It will have to continue to control the PKK, an organisation it has always been at odds with, but also to hold it as a card, to entirely force the PKK out of KRG territory would be to throw it away in its game with Ankara.

The KRG parties’ ability to do so will always be circumscribed by the fact that the population is probably more nationalistic than the leaders, and have sympathy for their fellow Kurds over the border. They will at points also have to aid the PKK, for instance as it is now doing in Kobane. The motives of Barzani and Talabani are always to be questioned though. Their record is, after all, littered with opportunistic maneuvers.

The rise of Isis
The sudden uprising Sunni uprising in Iraq in mid 2014 threw all the cards in the air.

Iraq suddenly looked like a state on the verge of collapse, about to join Syria on the failed state list.

A giant power vacuum has opened up in the heart of the region which is threatening to pull all down into it.

Still recent events do seem to have strengthened the hands of Iraqi Kurds.

In Iraq and Syria the only forces that seem able to stop Isis’s advance is the Kurds’. The Peshmerga performance though has not been impressive, and it has required the intervention of the more disciplined and experienced PKK at points, most noticeably rescuing the Sinjar Yazidis. Their performance has been rather better than that of the Iraqi army which has been abysmal.

The collapse of the Iraqi army in the wake of the Isis capture of Mosul also handed to the KRG the long coveted city of Kirkuk.

One of Iraq’s largest cities and in the middle of  some of the most important oil fields in the region, it has a mixed population of Kurds, Arabs and Turkomans. Claimed by the Kurds as theirs it has also been long disputed, being a particular flash point in the Iraqi revolution of 1958-63.

A referendum in the region was supposed to settle its fate, but this has been continually put off, and is an important point of dispute between Baghdad and Irbil.

As the Iraqi army fled in the face of the Isis advance KRG forces moved in. This does not mean the matter is done and dusted, but possession as they say is nine-tenths of the law.

End of Iraq?
The loss of control of Iraq’s western provinces to insurgency and the strengthening of the KRG has raised the prospect of Independence. Barzani raised the idea of a referendum (which would if it happened surely be a formality) in June.

The Kurds themselves are divided over this with the PUK, being closer to Iran, less keen on pressing the issue. The PUK though is a much diminished force, having been beaten into third place in Kurdish elections earlier this year.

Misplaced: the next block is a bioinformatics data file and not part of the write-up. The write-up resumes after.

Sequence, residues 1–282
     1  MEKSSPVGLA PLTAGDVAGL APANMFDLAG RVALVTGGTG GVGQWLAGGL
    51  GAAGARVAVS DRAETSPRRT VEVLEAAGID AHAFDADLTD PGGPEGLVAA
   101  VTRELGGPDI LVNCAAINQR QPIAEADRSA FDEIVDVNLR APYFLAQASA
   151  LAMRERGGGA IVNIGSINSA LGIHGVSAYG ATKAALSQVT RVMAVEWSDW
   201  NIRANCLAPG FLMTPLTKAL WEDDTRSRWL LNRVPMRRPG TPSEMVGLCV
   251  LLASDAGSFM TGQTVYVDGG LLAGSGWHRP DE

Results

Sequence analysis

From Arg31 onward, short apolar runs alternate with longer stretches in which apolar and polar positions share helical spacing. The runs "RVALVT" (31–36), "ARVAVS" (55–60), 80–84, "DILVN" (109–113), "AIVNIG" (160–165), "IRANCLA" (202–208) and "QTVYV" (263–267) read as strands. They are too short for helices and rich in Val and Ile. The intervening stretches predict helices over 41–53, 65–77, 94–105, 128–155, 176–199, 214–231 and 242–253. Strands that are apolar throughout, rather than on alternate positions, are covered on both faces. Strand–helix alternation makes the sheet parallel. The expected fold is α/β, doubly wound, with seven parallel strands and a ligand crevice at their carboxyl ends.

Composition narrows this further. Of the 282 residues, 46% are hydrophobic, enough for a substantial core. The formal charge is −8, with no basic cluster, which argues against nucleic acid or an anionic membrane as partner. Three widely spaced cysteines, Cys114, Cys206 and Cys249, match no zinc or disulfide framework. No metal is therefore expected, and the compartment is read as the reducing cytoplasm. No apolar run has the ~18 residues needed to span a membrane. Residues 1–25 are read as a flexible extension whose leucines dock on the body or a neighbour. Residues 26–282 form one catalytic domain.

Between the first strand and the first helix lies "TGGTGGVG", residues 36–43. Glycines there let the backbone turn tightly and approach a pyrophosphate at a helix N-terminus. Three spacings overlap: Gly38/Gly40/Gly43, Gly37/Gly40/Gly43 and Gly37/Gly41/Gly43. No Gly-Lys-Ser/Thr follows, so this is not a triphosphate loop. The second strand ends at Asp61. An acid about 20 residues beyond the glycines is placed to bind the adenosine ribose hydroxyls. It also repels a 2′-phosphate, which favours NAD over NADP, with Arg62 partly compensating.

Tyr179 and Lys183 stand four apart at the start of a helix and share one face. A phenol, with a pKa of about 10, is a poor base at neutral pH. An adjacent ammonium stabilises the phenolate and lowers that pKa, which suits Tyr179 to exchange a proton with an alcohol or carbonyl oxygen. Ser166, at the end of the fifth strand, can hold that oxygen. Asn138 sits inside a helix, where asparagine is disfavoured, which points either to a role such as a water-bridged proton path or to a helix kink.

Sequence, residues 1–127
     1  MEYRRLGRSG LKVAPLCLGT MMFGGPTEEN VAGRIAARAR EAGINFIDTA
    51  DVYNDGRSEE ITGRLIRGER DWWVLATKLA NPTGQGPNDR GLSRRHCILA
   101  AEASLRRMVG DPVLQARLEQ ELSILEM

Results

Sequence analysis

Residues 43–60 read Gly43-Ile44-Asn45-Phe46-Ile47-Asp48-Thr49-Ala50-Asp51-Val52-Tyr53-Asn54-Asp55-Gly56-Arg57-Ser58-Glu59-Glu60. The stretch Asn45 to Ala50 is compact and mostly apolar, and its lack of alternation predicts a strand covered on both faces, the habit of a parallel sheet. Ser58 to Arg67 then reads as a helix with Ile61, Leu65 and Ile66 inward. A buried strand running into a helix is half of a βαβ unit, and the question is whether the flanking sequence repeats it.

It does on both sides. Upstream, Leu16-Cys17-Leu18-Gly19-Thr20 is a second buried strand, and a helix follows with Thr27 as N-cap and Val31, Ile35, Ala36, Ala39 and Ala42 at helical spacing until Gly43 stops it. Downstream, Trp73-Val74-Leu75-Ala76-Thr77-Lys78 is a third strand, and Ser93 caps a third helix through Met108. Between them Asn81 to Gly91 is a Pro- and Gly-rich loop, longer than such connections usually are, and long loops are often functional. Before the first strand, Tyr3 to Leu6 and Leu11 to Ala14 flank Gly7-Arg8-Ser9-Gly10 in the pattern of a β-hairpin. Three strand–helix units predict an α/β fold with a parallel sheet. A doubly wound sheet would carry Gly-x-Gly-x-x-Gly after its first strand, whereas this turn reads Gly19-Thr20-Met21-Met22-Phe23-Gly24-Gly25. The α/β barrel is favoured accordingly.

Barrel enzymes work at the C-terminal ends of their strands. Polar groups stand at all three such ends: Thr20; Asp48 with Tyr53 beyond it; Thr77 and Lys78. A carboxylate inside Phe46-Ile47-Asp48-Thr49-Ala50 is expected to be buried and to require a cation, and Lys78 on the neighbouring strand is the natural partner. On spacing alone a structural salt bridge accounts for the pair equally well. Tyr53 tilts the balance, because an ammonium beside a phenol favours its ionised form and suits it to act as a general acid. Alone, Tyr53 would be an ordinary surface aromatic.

Iran like all the country’s neighbours, and the US oppose the idea of Kurdish independence, not least for the effect it might have on their own Kurdish populations. Tellingly Israel Israel backs an independent Iraqi Kurdistan but opposes a united Kurdistan.

All for now formally support the idea of keeping Iraq together. This is particularly true of the Iranians who have no reason to see a country now dominated by a Shia leadership closely allied with themselves break up into other states, particularly Sunni ones.

Thus everyone has encouraged the formation of a national unity government. Talabani has stepped down as President, to be replaced by another PUK man.

Whether this arrangement will last is open to question.

A further IS offensive could split the two apart as each tries to save itself and let the other sink. There was precious little cooperation between the two during the recent fighting.

Independence may be on the back burner for the minute, but could reappear. The Iraqi Kurds may just be biding their time, improving their viability as a state and building alliances.

Their ability to become independent depends a number of things.

One is the protection of the US; they do not imagine they could secede against their express wishes. They also need to keep Turkey on side, their main outlet to the world.

The other thing they need in terms of statehood, at least in that corner of the world, is an army. This is something they at present lack. The peshmerga are a militia, lightly armed and lacking in heavy equipment such as tanks and artillery, let alone aircraft.